There are any number of things that make preaching hard. It’s hard to preach immediately following a tragedy. It’s hard to preach to people who don’t care about the condition of their soul, heaven and hell, salvation and judgment. It’s hard to preach before difficult people who don’t know the difference between spiritual discernment and being critical. It’s hard to preach confusing passages of Scripture in a plain and understandable way. It’s hard to preach when you’re tired and worn, anxious and uncertain, preoccupied and distressed. Add all of this together in any one given week and you begin to realize it’s no easy thing to preach a sermon.
This last Lord’s Day I preached the hardest sermon yet in my still budding experience. What made it so difficult was not anything mentioned above. There was no tragedy, the congregation seemed alert and concerned, the passage wasn’t exegetically difficult, and I wasn’t feeling particularly out of sorts. What made the sermon difficult was the content of the text, which was highly alarming and discomforting.
Jesus closes the Sermon on the Mount in Matthew 7:13-27 with four pictures which warn hearers how to and how not to receive his word. Those pictures are known to us: the narrow and broad way, the good and bad tree, the wise and foolish builder, and then there is the warning Jesus gives in verses 21-23. It’s dramatic, it’s potent, it’s searching, and it’s disturbing to all disciples of Christ. Why?
- Because he isn’t addressing the atheists and agnostics but those who are his disciples.
- Because, more particularly, he’s addressing hypocrites who are woefully self-deceived, even dying and entering judgment in that deception.
- Because his words show us how far a person may go in profession, “Lord, Lord,” and in “good” works, “Did we not?” and still be no nearer to heaven for it.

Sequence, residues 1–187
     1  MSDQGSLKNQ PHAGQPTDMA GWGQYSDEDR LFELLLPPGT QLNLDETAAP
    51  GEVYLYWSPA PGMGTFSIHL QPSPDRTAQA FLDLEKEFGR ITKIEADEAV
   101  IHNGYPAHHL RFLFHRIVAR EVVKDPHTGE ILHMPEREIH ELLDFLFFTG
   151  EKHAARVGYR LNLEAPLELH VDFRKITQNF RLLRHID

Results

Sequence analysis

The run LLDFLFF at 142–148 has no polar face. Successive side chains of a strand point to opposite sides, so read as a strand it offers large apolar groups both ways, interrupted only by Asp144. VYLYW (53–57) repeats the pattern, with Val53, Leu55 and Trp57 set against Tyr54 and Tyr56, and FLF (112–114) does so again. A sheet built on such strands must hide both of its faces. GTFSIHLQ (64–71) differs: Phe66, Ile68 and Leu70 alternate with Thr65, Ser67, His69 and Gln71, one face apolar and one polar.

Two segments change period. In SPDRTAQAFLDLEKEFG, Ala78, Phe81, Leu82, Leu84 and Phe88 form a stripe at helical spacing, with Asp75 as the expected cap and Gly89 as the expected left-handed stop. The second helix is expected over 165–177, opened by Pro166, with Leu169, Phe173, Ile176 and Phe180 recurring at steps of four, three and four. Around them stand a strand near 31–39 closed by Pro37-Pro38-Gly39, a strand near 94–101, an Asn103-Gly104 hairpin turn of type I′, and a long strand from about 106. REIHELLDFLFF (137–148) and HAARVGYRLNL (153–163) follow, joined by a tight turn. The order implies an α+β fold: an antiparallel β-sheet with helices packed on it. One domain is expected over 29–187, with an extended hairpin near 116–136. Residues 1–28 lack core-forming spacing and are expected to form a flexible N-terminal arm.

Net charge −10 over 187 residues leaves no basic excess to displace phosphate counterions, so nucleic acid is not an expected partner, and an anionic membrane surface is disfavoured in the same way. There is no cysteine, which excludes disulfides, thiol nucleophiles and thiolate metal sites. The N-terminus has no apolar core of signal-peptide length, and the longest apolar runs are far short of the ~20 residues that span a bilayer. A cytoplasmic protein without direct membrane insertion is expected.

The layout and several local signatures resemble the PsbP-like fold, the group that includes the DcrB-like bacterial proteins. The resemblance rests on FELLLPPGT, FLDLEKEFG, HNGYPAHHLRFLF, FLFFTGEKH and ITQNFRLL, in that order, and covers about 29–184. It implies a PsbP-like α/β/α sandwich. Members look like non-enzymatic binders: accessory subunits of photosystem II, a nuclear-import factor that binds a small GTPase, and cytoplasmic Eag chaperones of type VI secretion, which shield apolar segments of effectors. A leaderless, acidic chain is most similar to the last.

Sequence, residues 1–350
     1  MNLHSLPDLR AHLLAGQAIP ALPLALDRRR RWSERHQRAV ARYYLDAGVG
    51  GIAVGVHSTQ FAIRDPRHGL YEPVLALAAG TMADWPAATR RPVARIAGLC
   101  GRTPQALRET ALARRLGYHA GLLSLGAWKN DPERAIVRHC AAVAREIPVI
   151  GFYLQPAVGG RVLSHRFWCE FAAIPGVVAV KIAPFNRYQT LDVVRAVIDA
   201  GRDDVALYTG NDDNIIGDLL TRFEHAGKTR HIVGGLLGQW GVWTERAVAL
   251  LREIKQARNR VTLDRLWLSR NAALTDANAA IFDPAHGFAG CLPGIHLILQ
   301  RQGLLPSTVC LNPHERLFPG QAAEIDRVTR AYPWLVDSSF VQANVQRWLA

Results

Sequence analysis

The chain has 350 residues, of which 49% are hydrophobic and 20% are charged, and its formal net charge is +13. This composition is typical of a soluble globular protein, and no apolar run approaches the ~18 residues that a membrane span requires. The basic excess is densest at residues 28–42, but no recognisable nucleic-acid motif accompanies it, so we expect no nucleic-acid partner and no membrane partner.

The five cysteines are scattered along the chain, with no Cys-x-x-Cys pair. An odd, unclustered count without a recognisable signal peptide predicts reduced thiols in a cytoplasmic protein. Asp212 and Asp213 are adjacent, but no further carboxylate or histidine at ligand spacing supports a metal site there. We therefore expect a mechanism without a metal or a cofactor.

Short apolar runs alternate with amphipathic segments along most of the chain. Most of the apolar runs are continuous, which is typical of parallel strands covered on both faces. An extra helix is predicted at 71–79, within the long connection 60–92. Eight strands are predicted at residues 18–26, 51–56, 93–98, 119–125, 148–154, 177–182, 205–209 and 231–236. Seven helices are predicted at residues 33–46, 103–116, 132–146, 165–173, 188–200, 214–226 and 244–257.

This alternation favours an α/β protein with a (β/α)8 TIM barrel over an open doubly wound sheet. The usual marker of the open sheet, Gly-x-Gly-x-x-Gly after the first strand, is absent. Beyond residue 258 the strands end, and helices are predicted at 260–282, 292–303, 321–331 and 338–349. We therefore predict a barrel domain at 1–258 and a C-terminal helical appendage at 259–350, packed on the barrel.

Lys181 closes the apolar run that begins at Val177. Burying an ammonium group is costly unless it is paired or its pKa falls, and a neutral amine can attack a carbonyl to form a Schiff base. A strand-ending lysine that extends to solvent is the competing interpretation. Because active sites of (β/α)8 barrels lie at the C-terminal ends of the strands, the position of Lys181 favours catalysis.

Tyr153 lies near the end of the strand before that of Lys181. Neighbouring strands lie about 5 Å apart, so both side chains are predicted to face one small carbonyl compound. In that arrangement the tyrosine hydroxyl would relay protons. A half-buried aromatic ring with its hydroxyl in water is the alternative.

- Because the text shows us what a difficult thing it is to be a sincere Christian. It’s not enough to set our own standard of what a Christian is but we must discern the will of the Father. A will which consists in repenting and believing, and living according to the law of God which is a part of the fabric of our humanity, engraved upon the stone tablets, written by the Spirit upon the new heart, announced in the Sermon on the Mount, and fulfilled in the law of love.
- Because we hate legalism (i.e. the idea that one can be made right before God by their own works), and texts like this can sometimes sound legalistic. Though, it’s necessary to point out that Jesus isn’t here talking about grace and merit, but about profession and fruit. It’s a test of genuineness, not a standard of earning favor and salvation. Thank Jesus for that!
- Because it encourages us to let go of pretenses and false assurances and work out our own salvation with fear and trembling, to see to it that we not only know Jesus, but that he knows us.
- Because it emphasizes a part of the often neglected work of Christ—his coming in judgment.
- Because it must be taken seriously. We are serious about the doctrine of justification by faith alone, serious that the gospel call ought to be as free and full as we’re permitted to make it, serious that “there is no one righteous,” and “by the works of the flesh no one will be justified in his sight.” But do we take Matthew 7:21-23 seriously?
- Because Jesus warns that it will be “many” from among professing disciples who will receive the eternal sentence, “Depart from me, I never knew you.” I think there’s a part of us that wants to lessen or dull that reality, but we simply cannot blunt the edge.
For these reasons, and many more, it was the hardest sermon I’ve ever preached. But there is comfort to be had. First, it’s not “that day” but it’s “this day.” Jesus speaks here of the day of judgment, but we cannot fail to know that today is a day of grace, “Today, if you hear his voice, do not harden your hearts as in the rebellion” (Hebrews 3:15). Secondly, if one trembles at this word, there’s an assurance that saving faith is present. Because saving faith not only “embraces the promises of God for this life, and that which is to come,” but “trembles at the threatenings.” Thirdly, the true Christian doesn’t need to have an unhealthy fear of this passage but make his or her prayer, in the confidence of Christ and reliance upon the Spirit, “Search me, O God, and know my heart! Try me and know my thoughts! And see if there be any grievous way in me, and lead me in the way everlasting!” (Psalm 139:23-24). Fourthly, bless the Father and the Son for they have given us the Spirit by whom we are transformed in the renewing of our minds that we may “discern what is the will of God, what is good and acceptable and perfect” (Romans 12:2).